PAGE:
Since you yourself are embedded in a physical and social environment, your health is relative to the health of others and has an impact on those others. Yet it is not the case that your health can only be assessed in relation to others, even if the distribution of health resources should be. Moreover, so long as we are speaking of your health, you remain a quite formidable expert, however ignorant or confused you may be regarding certain points. But what happens when consideration of your health is subordinated to consideration of the health of all creatures great and small? Suddenly you cease to be much of an expert at all. What is required is the opinion of a council of experts, who will determine who is or isn't healthy, who is safe or unsafe, who is sufficiently supplied or properly treated, and who must be protected from whom. And this council will be nested within some higher council, with still more authority, extending as far as a politburo for planetary health, at rarified heights only the most exalted experts can inhabit, demanding measures only they can grasp.6
This is no flight of fevered imagination, at least not of my fevered imagination. It is what was called for by Joe Biden and Boris Johnson and other world leaders when all things covid had been brought to fever pitch. A joint statement published on 30 March 2021—after invoking the collective memory of world war and of countries coming together "to dispel the temptations of isolationism and nationalism and to address the challenges that could only be achieved together in the spirit of solidarity and co-operation, namely peace, prosperity, health and security"—included the following credimus:
We believe that nations should work together towards a new international treaty for pandemic preparedness and response. Such a renewed collective commitment would be a milestone in stepping up pandemic preparedness at the highest political level. It would be rooted in the constitution of the World Health Organisation, drawing in other relevant organisations key to this endeavour, in support of the principle of health for all. Existing global health instruments, especially the International Health Regulations, would underpin such a treaty, ensuring a firm and tested foundation on which we can build and improve.
The main goal of this treaty would be to foster an all of government and all of society approach, strengthening national, regional and global capacities and resilience to future pandemics. This includes greatly enhancing international co-operation to improve, for example, alert systems, data-sharing, research and local, regional and global production and distribution of medical and public health counter-measures such as vaccines, medicines, diagnostics and personal protective equipment.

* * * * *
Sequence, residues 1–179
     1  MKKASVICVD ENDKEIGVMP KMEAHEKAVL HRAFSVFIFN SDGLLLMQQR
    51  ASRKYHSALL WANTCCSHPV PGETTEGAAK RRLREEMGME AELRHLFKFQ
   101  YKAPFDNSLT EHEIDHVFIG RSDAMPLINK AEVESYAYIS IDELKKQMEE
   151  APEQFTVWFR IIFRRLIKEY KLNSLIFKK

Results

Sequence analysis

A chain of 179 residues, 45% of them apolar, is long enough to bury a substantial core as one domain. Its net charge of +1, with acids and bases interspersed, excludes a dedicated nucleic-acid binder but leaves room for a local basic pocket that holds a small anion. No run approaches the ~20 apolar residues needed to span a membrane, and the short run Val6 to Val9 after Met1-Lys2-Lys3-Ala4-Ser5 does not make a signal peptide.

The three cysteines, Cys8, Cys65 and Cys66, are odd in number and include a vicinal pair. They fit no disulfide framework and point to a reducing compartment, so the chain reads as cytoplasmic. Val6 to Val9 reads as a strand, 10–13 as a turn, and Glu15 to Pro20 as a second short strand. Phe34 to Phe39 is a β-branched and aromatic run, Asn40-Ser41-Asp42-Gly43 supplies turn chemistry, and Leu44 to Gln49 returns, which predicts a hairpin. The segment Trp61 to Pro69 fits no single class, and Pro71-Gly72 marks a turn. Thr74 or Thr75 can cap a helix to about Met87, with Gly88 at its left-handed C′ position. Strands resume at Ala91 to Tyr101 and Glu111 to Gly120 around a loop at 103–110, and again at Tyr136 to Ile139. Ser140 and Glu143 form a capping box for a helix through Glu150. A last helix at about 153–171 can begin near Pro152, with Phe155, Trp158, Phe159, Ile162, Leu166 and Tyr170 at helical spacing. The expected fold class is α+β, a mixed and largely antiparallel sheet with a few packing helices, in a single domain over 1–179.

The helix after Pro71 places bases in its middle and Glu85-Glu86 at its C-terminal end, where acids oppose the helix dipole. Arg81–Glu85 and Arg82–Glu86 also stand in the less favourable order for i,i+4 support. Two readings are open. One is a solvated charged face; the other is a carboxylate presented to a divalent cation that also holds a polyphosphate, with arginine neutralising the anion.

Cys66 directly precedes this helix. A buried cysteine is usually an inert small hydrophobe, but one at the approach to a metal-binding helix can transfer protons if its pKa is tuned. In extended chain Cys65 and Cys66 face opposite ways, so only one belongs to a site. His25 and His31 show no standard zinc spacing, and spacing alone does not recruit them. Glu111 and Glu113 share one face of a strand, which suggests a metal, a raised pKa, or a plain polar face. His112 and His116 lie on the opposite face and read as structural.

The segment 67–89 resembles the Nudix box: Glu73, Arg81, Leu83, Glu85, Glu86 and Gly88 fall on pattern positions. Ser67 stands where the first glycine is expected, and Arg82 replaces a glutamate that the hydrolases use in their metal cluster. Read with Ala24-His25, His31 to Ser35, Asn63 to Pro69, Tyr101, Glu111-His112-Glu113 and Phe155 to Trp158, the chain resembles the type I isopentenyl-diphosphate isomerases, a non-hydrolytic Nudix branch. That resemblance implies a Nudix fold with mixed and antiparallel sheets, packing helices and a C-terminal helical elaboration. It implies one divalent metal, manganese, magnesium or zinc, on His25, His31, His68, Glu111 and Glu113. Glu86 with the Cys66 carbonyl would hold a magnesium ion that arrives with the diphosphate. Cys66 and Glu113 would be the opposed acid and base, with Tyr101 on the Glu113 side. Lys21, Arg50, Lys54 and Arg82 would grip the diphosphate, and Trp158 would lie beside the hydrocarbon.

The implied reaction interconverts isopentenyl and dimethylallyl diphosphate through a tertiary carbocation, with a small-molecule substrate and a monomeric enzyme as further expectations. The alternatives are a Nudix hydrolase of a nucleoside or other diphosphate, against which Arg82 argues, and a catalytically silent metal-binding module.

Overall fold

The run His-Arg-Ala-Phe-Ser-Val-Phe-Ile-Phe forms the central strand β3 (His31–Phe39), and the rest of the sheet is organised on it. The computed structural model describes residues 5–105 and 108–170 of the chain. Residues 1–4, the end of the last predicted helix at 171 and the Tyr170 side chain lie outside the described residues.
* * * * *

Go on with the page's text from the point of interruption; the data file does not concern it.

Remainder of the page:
It would also include recognition of a “One Health” approach that connects the health of humans, animals and our planet. And such a treaty should lead to more mutual accountability and shared responsibility, transparency and co-operation within the international system and with its rules and norms.7
What do we have here? First and foremost, the association of health primarily, if not exclusively, with safety and security. That is crucial because it makes health, even your health, an affair of state. It allows the authorities to take an "all of government and all of society" approach. It permits total mobilization of resources and a universal abrogation of rights. It may even implicate the former holders of rights in the threat to be addressed, construing them as vectors of disease or pollution or misinformation. Thus do their rights and liberties pass over to the state.8
Second, a call for inter-agency accountability. States, not individuals, go to war, and marshal the resources for fighting it. This war, however, is not—or is not acknowledged as—a war between nations. Rather, it is a war of nations against a common enemy, the pathogen with pandemic potential. That such a pathogen is a very rare occurrence is ignored or denied, for the object is to make the fighting both urgent and iterative. That will obligate national agencies to parties higher than their own parliaments or electorates. They will be accountable only to each other, if "accountable" is still the right word.